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Old 06-20-2019, 01:49 PM
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Grrr! is offline
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What the heck is going on with my AC?


Last night I had the thermostat set at 74. It seemed to be struggling, as it brought the room temp down to 76, but then it just stalled. The AC stayed on non stop for several hours and never went below 76.

I remember thinking: "As soon as the sun comes out, this AC is going to go out on me".

Well, it never went out, and ironically, when the sun came out, it managed to get my home down to 74.

So it couldn't do the job when the sun was down, but now that the sun is up; it works??

What gives??

FTR: I didn't have the oven on last night.
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Old 06-20-2019, 02:03 PM
Joey P is offline
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Start by making sure everything is clean.
Check the filter. Go outside and check the compressor. Make sure warm air is blowing out the top and hose any leaves and garbage from the outside of it.
While you're there, the fan should be running and the compressor should be running.

Go inside to your indoor unit (part of the furnace). Make sure the condenser is clear of both dirt and ice. If there's a panel in the plenum (the sheet metal above the furnace) that's attached with screws, you can remove it and take a look. If it's dirty, clean it. If it's full of ice, turn the t-stat to off and the fan switch to on and let it blow for a few hours.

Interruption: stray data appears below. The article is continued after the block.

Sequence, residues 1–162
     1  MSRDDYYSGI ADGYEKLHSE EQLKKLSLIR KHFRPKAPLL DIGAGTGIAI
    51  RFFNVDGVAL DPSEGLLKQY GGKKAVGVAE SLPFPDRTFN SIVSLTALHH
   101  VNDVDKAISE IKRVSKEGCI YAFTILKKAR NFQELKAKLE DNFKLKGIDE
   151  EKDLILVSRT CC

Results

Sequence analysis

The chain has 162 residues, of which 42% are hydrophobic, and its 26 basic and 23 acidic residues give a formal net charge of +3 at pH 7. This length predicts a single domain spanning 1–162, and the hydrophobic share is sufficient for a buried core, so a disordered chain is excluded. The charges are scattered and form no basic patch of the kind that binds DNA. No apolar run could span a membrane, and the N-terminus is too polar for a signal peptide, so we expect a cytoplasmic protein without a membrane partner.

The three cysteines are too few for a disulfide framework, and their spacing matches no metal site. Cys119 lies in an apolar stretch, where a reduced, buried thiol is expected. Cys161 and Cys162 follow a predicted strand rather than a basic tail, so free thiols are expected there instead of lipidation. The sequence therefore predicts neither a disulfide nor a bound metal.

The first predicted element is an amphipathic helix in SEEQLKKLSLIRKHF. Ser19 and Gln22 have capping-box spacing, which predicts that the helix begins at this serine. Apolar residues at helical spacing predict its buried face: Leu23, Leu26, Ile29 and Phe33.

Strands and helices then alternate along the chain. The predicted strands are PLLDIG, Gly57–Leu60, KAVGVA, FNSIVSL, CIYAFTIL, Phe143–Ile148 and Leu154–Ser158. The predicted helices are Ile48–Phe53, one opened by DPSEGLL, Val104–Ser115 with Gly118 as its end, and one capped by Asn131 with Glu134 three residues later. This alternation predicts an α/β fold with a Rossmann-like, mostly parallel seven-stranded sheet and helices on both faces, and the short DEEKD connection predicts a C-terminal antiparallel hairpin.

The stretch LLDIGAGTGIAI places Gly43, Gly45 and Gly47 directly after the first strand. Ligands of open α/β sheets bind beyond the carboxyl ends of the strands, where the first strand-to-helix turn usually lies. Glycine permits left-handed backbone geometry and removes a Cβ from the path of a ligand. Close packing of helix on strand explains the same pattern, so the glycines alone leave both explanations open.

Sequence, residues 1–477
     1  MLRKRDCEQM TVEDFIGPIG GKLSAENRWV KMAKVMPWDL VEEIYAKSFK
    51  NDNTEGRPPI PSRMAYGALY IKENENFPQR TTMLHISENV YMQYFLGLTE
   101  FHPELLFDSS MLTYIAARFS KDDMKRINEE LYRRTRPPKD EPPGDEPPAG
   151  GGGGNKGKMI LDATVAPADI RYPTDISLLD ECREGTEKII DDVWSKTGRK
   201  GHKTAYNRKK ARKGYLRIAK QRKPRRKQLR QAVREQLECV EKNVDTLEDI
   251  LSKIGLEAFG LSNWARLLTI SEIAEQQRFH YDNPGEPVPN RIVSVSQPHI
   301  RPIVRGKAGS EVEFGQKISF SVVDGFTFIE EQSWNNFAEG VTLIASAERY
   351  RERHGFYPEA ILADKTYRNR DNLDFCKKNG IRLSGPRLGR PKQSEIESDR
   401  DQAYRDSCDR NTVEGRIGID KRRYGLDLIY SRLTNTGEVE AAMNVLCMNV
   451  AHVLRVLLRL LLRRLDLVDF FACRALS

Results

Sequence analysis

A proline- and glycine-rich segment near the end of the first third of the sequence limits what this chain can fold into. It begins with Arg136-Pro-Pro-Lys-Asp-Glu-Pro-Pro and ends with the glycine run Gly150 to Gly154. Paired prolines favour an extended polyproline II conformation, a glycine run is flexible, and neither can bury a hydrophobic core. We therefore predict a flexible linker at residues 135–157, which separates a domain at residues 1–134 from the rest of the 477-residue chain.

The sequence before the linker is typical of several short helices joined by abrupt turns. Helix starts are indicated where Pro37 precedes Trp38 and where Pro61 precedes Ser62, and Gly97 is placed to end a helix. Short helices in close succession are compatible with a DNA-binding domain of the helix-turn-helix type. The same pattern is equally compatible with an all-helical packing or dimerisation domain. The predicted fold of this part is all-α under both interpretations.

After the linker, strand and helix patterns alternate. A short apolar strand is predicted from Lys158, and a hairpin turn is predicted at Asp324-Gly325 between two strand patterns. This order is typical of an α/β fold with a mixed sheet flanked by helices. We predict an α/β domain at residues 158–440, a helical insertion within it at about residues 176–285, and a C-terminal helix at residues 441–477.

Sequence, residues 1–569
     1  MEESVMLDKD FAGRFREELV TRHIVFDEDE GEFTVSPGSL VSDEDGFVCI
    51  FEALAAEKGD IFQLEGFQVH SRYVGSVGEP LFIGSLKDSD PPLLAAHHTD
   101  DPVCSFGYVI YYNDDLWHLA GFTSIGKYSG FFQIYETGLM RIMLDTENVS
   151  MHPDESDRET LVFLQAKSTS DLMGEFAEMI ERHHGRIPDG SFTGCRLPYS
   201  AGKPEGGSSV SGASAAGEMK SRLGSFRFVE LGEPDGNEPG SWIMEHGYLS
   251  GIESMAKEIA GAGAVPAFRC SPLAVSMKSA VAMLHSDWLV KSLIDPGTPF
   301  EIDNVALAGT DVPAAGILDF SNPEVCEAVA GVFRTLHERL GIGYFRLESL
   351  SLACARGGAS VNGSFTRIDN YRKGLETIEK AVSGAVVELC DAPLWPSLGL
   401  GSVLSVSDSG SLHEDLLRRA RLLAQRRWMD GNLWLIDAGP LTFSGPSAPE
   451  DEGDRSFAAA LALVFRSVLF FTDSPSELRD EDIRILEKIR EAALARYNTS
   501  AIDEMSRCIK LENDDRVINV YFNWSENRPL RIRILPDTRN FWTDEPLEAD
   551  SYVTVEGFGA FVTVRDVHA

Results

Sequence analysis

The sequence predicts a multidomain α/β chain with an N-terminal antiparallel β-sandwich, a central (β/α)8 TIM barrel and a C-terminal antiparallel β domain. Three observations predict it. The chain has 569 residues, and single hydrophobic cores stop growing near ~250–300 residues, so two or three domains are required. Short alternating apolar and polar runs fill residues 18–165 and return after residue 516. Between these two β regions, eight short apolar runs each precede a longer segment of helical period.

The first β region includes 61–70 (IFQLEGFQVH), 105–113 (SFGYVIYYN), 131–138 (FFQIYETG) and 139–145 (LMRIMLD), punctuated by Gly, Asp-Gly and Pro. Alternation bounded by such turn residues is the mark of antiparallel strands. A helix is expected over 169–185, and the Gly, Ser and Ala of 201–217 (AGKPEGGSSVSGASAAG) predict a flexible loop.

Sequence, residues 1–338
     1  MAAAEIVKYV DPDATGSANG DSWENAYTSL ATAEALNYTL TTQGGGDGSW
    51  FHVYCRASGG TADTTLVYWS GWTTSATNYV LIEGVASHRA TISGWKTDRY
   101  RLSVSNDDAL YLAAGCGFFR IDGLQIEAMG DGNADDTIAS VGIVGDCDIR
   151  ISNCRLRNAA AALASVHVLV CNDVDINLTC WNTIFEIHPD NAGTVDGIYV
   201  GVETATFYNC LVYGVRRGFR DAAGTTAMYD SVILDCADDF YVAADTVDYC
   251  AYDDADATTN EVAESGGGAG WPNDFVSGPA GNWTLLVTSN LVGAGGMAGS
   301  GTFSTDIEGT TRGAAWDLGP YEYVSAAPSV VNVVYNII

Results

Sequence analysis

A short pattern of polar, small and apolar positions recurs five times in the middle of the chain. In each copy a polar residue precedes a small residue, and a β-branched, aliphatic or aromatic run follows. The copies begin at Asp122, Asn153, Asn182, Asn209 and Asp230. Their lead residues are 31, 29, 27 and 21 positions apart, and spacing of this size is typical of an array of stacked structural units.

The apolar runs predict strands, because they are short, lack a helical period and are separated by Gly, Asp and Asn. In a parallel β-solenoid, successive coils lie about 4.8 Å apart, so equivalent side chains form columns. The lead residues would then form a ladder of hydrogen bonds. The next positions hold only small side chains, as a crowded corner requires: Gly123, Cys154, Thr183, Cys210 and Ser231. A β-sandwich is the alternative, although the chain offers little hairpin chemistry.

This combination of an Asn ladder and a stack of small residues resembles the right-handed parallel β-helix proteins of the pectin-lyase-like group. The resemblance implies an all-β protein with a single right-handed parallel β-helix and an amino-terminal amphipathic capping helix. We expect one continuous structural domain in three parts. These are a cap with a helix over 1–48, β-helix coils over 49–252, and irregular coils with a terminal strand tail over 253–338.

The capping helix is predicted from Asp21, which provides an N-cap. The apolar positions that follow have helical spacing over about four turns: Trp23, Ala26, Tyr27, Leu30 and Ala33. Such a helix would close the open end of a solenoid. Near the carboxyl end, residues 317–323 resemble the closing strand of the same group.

That's about all I can guess without some more info...
Is the inside motor going?
Is the fan on the outside unit going?
Is the compressor (outside) running (it's separate from the fan, you should be able to hear it)?
If the compressor is running, does it remain running or cycle on and off before the t-stat is satisfied?
Can you feel air blowing from the vents?

I don't think the sun has anything to do with it, unless you notice a pattern, it sounds like a coincidence.

I know, lots of questions, but I'm trying to get a handle on the symptoms.
Hopefully, it's just a dirty filter or clogged compressor coil. Worse case scenario, you lost your refrigerant.
Even a minor electrical issue is easy to fix if your handy.
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Old 06-20-2019, 02:59 PM
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What are the common causes for the freezing over of the coils if the filter and outdoor unit are running and clean of debris?
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Old 06-20-2019, 03:02 PM
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Low refrigerant.
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Old 06-20-2019, 03:14 PM
KneadToKnow is offline
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We had this problem (coils icing) when we were using too high a quality of filter. It just didn't allow the airflow over the coils that they were designed for.

At least that's what they told us. We switched to crappier filters and the problem has gone away.
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Old 06-20-2019, 05:11 PM
Joey P is offline
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Quote:
Originally Posted by QuickSilver View Post
What are the common causes for the freezing over of the coils if the filter and outdoor unit are running and clean of debris?
Low refrigerant will cause them to ice over, but not typically the entire thing. It's usually just a section of it.
If the filter is clean, the next thing I'd check is that the evaporator coils (the inside ones) are clear. If they're full of dust or mildew or anything that'll restrict airflow, you'll have problems.

If you (or the OP) can't access the evaporator coils, let the unit run in Fan On (just the fan, not the ac) for a few hours and see if that helps.
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Old 06-21-2019, 12:58 AM
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Check air flow. Is air coming out of the registers. And what temperature is the air coming from the registers.
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